$2.1 million grant allows Tempe company’s virtual simulator to help train police statewide
Thursday, Feb. 23, 2017
TEMPE – The man standing in front of me pants as he holds a gun to a blindfolded woman’s head.
I’m told to diffuse the situation, so I begin telling the man to put the gun down. He yells obscenities. The woman cries. Out of sight, a baby wails.
After 15 seconds of trying to get the man to drop his weapon, he shoots the woman, then points the gun directly at me. Before I can put my finger on my weapon’s trigger, he shoots.
I failed my mission at Tempe-based VirTra, a company that has developed a multi-screen virtual training simulator now used by police statewide. The Arizona State Legislature approved a $2.1 million grant to install and maintain seven of the simulators throughout Arizona.
Company officials said their training facilities differ from traditional police training simulators because they’re more realistic, using more screens surrounding the trainee, live interaction and additional physical “stress.”
The Arizona Police Association had recommended the system to legislators.
Levi Bolton, executive director of the association, said they chose VirTra because the realism of the 300-degree environment, which uses five screens instead of the usual one-screen training.
Scott Dilullo, federal law enforcement business development manager at VirTra, said competitors are just now starting to incorporate multiple screens.
Dilullo said that’s not the only reason VirTra stands out.
“Historically, what we’ve trained on in law enforcement is a lot of ‘shoot, don’t shoot’ type decision making and that’s not what this simulator is,” Dilullo said. “It’s very multifaceted from verbal skills, de-escalation, officer presence, report writing, decision making, less lethal, all the way up, including deadly force.”
A military training expert watches the officer participating in the simulation and can manipulate the scene. The expert can introduce new characters and make the characters act in certain ways based on the decisions the officer makes.
In a scene with an active shooter, if the training expert doesn’t believe the officer has successfully defused the situation, he or she can make the character shoot other characters or even shoot at the officer.
“It’s very, very difficult to get experiential training,” Bolton said. “With a virtual training dynamic, you can alter paths and training scenarios. They can elevate the set of circumstances.”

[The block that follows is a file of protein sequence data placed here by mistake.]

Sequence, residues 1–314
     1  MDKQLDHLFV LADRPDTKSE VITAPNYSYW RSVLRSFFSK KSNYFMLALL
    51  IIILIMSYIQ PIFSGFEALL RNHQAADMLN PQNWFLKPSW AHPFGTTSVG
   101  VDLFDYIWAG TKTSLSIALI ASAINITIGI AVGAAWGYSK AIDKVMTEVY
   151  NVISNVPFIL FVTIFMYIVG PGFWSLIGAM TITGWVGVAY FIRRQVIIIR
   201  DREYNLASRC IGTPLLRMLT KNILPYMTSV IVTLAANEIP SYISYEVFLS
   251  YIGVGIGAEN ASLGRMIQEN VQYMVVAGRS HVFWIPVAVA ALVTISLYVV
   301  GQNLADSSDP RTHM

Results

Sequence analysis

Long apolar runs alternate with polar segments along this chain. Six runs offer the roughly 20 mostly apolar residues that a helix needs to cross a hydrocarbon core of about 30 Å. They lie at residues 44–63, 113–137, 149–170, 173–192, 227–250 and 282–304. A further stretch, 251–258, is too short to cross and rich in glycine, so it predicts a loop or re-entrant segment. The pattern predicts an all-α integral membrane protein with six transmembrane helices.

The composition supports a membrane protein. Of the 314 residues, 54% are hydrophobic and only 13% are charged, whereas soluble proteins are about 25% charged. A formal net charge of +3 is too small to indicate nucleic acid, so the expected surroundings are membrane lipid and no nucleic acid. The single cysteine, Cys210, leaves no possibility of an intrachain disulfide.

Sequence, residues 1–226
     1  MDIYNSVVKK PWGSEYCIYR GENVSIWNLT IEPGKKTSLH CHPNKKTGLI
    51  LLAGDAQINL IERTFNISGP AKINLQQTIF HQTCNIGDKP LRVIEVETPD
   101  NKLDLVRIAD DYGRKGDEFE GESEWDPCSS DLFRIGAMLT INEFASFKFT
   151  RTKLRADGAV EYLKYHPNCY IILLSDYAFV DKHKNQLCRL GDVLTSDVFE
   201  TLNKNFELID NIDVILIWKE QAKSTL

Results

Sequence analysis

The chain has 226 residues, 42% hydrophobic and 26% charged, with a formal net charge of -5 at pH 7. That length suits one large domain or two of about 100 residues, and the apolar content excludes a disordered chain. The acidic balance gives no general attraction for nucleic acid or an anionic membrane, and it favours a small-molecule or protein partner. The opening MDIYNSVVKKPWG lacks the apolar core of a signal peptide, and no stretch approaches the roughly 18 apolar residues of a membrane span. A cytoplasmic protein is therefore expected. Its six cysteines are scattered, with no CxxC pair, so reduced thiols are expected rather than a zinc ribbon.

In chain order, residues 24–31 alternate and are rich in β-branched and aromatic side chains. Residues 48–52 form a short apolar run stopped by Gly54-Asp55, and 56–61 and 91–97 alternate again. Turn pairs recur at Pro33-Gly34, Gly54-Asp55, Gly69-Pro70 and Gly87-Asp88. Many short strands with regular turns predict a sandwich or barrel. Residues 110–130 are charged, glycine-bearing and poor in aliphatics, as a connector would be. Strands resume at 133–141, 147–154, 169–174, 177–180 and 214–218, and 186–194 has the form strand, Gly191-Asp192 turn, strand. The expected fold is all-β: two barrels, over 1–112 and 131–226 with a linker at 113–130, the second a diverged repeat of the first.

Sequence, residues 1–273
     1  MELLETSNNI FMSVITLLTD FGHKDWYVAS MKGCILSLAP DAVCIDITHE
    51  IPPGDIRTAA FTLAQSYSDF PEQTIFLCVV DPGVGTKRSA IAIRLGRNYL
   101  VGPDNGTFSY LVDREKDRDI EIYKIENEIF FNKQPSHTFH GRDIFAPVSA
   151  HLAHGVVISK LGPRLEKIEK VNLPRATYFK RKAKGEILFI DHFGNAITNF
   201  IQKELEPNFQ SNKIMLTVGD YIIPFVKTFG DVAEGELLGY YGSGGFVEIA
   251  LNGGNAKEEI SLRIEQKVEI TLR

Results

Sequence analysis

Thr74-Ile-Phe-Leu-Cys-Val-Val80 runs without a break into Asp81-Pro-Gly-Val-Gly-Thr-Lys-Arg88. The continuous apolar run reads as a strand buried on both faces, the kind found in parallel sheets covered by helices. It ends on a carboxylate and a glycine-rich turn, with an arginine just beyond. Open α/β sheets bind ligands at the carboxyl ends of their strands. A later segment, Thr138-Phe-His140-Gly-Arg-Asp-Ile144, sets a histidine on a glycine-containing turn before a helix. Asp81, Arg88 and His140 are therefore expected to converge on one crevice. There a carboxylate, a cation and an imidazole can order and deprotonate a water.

Officers also wear a device that sends an electronic impulse to replicate pain and stress if an officer gets hit or injured in a scene.
“In law enforcement, we can’t just say, ‘Time out. We don’t want to play anymore,’” Dilullo said. “We add a stress component. We add a fear response component.”
The Department of Public Safety oversees the allocation of the $2.1 million grant to VirTra. With the grant, the department will purchase seven systems, each costing about $277,000 for the training simulator, monitoring, kits, hardware and software to be installed in an existing facility.
Bolton said this would ultimately be cheaper for taxpayers because it would reduce the need for live fire training and the costs associated with it, like having to decontaminate ranges or buy bullets, which “is a stellar cost.”
Ultimately, Bolton said these training programs are most important for smaller jurisdictions that “don’t have the money for the high-tech training.”
Dilullo said officers are scrutinized for every decision they make without adequate training to prepare them.
Dilullo points to the current political climate as the main catalyst for departments seeking better training.
“You’re seeing, based on what’s happening in the country … with all these shootings and all these incidences, that departments are understanding that they need to find innovative, better ways to train their officers,” Dillulo said.
In 2016, there were 50 deadly police shootings in Arizona, with 963 fatal police shootings nationwide, according to a database created by the Washington Post.
Bolton said that firearm training is a “perishable skill,” one that needs constant training.
The Department of Public Safety is installing a 300-degree VirTra simulator at training academies or police departments in Phoenix, Mesa, Taylor, Prescott Valley, Tucson, Lake Havasu City and in the department’s headquarters.
VirTra, founded in 1993, also has a 300-degree simulator at its headquarters, and police, military and civilians use it for defense and concealed carry training.
Dilullo said the company has no plans to expand outside of Arizona.